What is Virtual Production and How is It Being Used In Film?

Virtual Reality

Gradually over time, the film industry has turned towards digital technology to solve problems in efficiency and effectiveness when it comes to film production. Filmmakers have gone from shooting on film to capturing footage digitally, from painted backdrops to using green screens, and now, from physical production to virtual.

The term “virtual production“, however, is not describing a change in the physically collaborative nature of filmmaking; instead, it refers to the method of blending augmented reality and video game technology with live-action footage to visualize scenes with heavy VFX before going to post-production. James Cameron and more recently, Jon Favreau are two of many directors that have used virtual production on their sets.

What is Virtual Production?

The adoption of VFX in film and video has made productions remarkably complex. Since visual effects are typically finished in post-production by VFX artists, production crews work on set with only green screens and mocap suits. There is a visual disconnection that forces filmmakers to make an educated guess on how the final image will look, leading to a degree of uncertainty among crew members. More often than not, there are inconsistencies in areas such as lighting, color, and editing.

Virtual production eliminates uncertainty among production crews by enabling them to see an accurate depiction of the final image on set. The method combines virtual reality, computer-generated images, and game-engine technologies to create digital assets that can be viewed in pre-production or on set in real-time. The digital assets could be anything from CG character models to virtual environments that will be used as a setting for a scene. Virtual production gives crew members a collective vision to work from.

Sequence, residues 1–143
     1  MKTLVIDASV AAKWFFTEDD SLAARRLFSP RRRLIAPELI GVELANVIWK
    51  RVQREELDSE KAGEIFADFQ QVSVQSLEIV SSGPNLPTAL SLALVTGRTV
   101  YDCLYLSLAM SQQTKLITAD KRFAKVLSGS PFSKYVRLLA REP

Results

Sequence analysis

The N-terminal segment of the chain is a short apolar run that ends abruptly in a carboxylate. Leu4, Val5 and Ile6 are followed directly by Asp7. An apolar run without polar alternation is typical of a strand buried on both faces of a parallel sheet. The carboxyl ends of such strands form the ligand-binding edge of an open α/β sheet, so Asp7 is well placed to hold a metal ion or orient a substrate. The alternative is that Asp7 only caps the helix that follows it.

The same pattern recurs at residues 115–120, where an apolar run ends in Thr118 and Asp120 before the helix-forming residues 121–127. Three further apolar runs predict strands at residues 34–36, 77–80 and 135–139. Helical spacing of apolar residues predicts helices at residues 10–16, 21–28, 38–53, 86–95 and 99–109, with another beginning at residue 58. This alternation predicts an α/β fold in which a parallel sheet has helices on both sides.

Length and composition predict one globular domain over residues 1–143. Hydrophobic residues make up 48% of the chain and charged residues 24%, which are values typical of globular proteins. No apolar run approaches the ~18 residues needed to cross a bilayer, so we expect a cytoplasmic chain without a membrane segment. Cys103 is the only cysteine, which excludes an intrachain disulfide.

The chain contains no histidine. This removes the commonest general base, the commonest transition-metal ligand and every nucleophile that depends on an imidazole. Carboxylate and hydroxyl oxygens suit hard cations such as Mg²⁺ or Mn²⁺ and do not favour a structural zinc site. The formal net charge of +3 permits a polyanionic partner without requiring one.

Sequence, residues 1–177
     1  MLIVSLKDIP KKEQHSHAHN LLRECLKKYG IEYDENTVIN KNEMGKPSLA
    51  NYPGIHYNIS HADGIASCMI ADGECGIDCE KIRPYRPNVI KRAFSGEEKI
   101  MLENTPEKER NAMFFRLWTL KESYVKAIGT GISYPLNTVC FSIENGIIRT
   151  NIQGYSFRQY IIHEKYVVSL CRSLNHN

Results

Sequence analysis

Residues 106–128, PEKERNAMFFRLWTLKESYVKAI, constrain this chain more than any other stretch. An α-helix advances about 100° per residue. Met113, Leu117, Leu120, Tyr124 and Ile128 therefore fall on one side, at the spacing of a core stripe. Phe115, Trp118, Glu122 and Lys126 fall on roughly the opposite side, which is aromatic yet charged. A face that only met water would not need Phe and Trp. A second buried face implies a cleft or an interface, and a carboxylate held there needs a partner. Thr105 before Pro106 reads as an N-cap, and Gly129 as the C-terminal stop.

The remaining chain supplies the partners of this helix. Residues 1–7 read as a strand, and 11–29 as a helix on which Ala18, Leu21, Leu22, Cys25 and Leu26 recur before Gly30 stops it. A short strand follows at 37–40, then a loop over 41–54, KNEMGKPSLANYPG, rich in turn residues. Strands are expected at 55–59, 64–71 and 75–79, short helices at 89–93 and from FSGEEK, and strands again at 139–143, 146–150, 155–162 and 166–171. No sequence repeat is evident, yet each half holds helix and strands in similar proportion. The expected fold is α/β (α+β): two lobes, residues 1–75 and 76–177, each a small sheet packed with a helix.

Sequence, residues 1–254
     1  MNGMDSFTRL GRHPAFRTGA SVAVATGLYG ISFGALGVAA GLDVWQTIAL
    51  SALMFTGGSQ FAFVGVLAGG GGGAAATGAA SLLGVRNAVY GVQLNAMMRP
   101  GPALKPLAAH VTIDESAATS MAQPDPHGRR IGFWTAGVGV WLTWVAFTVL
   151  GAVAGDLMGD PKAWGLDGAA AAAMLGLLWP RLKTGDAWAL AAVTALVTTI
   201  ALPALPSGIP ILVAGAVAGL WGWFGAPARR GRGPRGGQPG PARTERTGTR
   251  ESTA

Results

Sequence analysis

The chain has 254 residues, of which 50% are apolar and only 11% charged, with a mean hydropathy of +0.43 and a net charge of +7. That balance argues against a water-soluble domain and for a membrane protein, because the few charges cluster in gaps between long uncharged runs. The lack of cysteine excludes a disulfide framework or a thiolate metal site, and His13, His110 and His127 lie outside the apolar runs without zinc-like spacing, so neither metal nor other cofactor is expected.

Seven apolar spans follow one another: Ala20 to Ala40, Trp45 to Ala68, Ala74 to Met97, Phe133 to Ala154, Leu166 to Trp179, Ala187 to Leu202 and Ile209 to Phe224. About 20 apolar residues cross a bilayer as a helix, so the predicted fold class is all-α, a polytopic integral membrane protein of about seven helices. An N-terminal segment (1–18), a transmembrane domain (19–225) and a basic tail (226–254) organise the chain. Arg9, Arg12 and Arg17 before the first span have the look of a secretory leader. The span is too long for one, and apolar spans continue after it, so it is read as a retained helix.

Different Types of Virtual Production Tools

Virtual production does not refer to only one new approach to film production but rather a variety of different tools that can leverage VFX to aid each phase of production. These are 4 of the most common types of virtual production:

Previsualization or Previs

Previsualization is the process of visually mapping out a scene before it is filmed. The traditional methods of previs are known as shot listing, storyboarding, animatics, and photography. Virtual production revamps the previs process by using a video game engine to construct sets digitally in virtual reality. Within the virtual environment, filmmakers can use a virtual camera feature that allows the user to use a device such as a tablet as a lens to view the virtual space and frame shots.

Jon Favreau is leading the charge with this approach and he calls the process virtual cinema. For Rogue One, Gareth Edwards used virtual cinema to plan out the epic space battle sequences. The crew constructed the space battle set in a digital environment and Edwards used a virtual camera (iPad) to plan out the framing and camera movement for each shot.

Virtual Scouting

Virtual Scouting